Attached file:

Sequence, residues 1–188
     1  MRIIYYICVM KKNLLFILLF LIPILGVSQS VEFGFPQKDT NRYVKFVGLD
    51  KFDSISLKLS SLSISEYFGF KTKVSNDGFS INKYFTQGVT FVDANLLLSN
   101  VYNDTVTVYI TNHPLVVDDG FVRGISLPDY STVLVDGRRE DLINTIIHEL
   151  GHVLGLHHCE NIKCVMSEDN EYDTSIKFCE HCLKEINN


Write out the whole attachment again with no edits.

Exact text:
Sequence, residues 1–188
     1  MRIIYYICVM KKNLLFILLF LIPILGVSQS VEFGFPQKDT NRYVKFVGLD
    51  KFDSISLKLS SLSISEYFGF KTKVSNDGFS INKYFTQGVT FVDANLLLSN
   101  VYNDTVTVYI TNHPLVVDDG FVRGISLPDY STVLVDGRRE DLINTIIHEL
   151  GHVLGLHHCE NIKCVMSEDN EYDTSIKFCE HCLKEINN